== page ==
E/V Nautilus Equipped with New EC150 Sonar to Expand Ocean Exploration Mapping Capabilities

Ocean Exploration Trust is excited to announce the installation of a new Kongsberg Simrad EC150-3C 150 kilohertz transducer on Exploration Vessel (E/V) Nautilus. This new sonar is mounted within the ship's hull and the EC150-3C is the first of its kind to combine an acoustic Doppler current profiler (ADCP) and an EK80 split-beam fisheries sonar into one instrument.

The ADCP, which measures the speed and direction of currents at various depths underneath the ship will support safe remotely-operated vehicle (ROV) operations and provide data for improving oceanographic current models. The integrated split-beam echosounder is used to map and characterize features found within the water column, such as biology, scattering layers, and potentially bubble plumes.

“This new instrument will enable our team to thoroughly assess the currents beneath the ship to optimize how we deploy and recover any vehicles and instruments we use to explore the oceans,” says OET Mapping Operations Manager Dr. Derek Sowers. “This sonar will also reveal features in the water column in great detail, which enables us to direct undersea robots – either connected to the ship or free-roaming – to specific features of interest.”

The EC150 will equip E/V Nautilus with the capability to better serve as an operations hub for multi-vehicle operations, increase OET’s capacity to explore and map the water column, and to collaborate with partners from the Ocean Exploration Cooperative Institute to advance combined robotics and new technologies to increase and advance the pace of ocean exploration.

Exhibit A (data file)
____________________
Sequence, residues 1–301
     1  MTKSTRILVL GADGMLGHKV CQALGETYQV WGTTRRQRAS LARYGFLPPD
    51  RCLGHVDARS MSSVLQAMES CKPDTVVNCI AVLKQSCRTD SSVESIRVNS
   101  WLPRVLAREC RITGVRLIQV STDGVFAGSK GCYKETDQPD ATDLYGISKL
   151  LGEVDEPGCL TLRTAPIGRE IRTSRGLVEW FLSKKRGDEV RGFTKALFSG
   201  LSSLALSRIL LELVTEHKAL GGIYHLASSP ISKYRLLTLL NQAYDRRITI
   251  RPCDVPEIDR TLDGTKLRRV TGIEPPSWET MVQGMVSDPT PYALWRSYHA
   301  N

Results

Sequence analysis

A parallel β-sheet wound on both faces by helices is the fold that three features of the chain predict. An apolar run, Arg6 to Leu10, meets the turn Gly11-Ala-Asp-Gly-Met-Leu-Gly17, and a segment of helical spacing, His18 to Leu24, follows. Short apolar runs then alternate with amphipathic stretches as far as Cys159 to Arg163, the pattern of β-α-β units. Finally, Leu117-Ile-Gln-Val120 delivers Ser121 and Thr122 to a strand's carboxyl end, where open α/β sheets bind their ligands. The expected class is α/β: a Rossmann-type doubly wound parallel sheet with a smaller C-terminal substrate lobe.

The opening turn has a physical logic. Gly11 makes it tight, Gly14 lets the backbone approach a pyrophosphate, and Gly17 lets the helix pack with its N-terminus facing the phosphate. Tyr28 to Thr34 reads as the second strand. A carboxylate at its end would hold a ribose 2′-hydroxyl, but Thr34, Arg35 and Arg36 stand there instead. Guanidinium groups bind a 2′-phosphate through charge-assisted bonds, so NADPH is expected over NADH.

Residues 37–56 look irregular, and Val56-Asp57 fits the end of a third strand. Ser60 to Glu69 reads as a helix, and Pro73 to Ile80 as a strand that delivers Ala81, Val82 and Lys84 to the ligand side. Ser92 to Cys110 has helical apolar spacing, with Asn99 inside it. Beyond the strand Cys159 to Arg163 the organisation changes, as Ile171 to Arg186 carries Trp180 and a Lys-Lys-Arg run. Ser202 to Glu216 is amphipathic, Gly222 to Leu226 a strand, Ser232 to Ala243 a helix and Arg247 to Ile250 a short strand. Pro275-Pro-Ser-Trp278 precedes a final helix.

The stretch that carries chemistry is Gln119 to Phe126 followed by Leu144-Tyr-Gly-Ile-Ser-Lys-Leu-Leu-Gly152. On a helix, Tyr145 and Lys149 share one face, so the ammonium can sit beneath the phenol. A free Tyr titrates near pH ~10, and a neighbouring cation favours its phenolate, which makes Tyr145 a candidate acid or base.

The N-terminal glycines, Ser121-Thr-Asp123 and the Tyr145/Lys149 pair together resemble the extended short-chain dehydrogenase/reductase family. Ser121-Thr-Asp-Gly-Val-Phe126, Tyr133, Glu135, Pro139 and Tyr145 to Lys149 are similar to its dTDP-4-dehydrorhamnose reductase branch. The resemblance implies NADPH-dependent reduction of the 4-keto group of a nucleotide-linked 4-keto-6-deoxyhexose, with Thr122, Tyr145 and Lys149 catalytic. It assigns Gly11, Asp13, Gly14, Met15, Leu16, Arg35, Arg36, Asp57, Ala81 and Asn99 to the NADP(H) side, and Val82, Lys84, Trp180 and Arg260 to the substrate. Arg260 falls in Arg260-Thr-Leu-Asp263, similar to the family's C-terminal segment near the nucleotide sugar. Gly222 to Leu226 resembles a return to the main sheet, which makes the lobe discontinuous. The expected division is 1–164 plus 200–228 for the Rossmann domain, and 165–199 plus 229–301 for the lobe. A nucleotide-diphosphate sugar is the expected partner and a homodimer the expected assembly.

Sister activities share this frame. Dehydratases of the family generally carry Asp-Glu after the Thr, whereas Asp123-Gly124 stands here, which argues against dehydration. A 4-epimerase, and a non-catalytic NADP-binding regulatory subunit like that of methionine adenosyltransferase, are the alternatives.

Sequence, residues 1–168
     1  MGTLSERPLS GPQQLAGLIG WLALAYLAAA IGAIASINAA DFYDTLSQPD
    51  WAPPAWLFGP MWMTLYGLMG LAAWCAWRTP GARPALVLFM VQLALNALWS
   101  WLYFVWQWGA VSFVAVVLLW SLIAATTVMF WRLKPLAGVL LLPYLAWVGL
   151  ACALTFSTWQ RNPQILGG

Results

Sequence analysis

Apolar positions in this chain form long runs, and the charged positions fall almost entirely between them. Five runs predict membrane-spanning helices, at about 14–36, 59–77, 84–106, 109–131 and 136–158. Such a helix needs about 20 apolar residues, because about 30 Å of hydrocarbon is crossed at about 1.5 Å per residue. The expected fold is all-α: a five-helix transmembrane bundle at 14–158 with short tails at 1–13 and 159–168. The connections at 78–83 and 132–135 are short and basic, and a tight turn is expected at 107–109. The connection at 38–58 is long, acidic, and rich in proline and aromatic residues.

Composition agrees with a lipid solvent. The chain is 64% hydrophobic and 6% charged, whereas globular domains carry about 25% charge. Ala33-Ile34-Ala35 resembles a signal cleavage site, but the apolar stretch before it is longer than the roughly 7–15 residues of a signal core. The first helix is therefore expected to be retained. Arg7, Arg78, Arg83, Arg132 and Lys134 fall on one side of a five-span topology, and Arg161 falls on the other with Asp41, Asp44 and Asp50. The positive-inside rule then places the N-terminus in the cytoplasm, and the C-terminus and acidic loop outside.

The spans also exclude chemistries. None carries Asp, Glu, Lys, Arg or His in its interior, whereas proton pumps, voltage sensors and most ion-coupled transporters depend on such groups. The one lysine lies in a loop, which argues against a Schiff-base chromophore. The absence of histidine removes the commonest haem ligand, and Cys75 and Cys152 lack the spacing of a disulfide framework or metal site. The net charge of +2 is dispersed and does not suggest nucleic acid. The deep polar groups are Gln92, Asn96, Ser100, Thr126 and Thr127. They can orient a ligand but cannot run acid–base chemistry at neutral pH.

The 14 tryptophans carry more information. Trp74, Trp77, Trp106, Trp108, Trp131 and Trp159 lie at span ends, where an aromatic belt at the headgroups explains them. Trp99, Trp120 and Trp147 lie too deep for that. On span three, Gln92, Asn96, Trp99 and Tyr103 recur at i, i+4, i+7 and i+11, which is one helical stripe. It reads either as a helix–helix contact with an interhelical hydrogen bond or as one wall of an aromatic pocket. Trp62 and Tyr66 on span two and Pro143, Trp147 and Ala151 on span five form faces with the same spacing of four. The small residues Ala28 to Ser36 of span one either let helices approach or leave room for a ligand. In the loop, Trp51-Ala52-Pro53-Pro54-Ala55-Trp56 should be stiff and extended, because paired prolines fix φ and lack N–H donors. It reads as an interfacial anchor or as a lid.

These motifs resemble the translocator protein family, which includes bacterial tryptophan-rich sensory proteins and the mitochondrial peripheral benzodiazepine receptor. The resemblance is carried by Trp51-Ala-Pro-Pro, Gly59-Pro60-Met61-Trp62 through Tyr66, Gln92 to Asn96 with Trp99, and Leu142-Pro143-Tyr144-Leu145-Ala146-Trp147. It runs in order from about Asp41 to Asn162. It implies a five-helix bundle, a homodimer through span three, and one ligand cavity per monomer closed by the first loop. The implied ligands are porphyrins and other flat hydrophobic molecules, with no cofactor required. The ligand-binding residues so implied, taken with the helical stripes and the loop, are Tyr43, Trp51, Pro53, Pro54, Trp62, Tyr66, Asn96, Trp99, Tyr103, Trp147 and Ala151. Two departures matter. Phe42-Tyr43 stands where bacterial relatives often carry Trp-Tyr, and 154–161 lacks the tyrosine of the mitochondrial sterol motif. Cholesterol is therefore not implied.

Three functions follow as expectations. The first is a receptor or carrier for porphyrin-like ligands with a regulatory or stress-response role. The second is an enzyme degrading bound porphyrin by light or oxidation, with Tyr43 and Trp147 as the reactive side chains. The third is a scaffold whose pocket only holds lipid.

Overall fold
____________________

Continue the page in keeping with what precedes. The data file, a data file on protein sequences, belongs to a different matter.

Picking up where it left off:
E/V Nautilus’ acoustic tools simultaneously collect bathymetry (i.e., seafloor topography), seafloor backscatter, and water column backscatter data to enable teams to identify areas or features of interest and produce high-resolution seafloor maps. The Kongsberg EM302 multibeam echosounder, installed on Nautilus in late 2012, can map the seafloor from depths of 10 to 7,000 meters (33 to 23,000 feet) while cruising at ship speeds up to 12 knots (14 mph). Before ROVs are deployed, the team must first map the area to understand the region’s characteristics and identify potential seafloor habitats, gas seeps, and other environments and resources worthy of exploration.

2 2022 Expedition Season Map MarchUpdate

Through dedicated surveys and tactically designed transits, OET works to collect data from unmapped areas of their expeditions. OET is a partner of the Seabed2030 initiative, an international collaborative project to combine all bathymetric data to create a comprehensive map of the ocean floor. Since 2012, OET has mapped over 835,000 square kilometers (322,000 square miles) of the seafloor in the Atlantic, Gulf of Mexico, Caribbean Sea, and Pacific Ocean.

E/V Nautilus expeditions focus on seafloor mapping and ROV explorations of the deep ocean, testing and integrating emerging exploration technologies, and connecting with scientists, students, and the public to explore the deep sea from anywhere in the world. In 2022, E/V Nautilus completed an 8-month field season consisting of 11 expeditions that explored the Central Pacific for 202 days at sea. In 2023, OET will return to the Pacific with expeditions near the Hawaiian Islands, the Pacific Remote Islands Marine National Monument, the Papahānaumokuākea Marine National Monument, and offshore British Columbia.

Since the national NOAA Ocean Exploration Program was authorized into US law by Congress in 2009, OET has been partnering closely with NOAA Ocean Exploration as well as other government agencies, academic institutions, and the private sector to advance the field of deep-sea exploration and to engage the public and next generation in this exciting global endeavor. As part of NOAA’s Ocean Exploration Cooperative Institute, OET explores, maps, and characterizes the nation’s vast ocean territory, develops and implements new technologies, and engages future generations of ocean scientists, engineers, and stakeholders.


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